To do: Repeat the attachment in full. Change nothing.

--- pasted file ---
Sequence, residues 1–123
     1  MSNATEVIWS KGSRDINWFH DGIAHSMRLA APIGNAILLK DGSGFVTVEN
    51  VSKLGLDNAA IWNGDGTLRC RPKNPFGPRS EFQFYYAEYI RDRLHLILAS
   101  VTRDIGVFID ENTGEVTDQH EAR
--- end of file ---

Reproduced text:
Sequence, residues 1–123
     1  MSNATEVIWS KGSRDINWFH DGIAHSMRLA APIGNAILLK DGSGFVTVEN
    51  VSKLGLDNAA IWNGDGTLRC RPKNPFGPRS EFQFYYAEYI RDRLHLILAS
   101  VTRDIGVFID ENTGEVTDQH EAR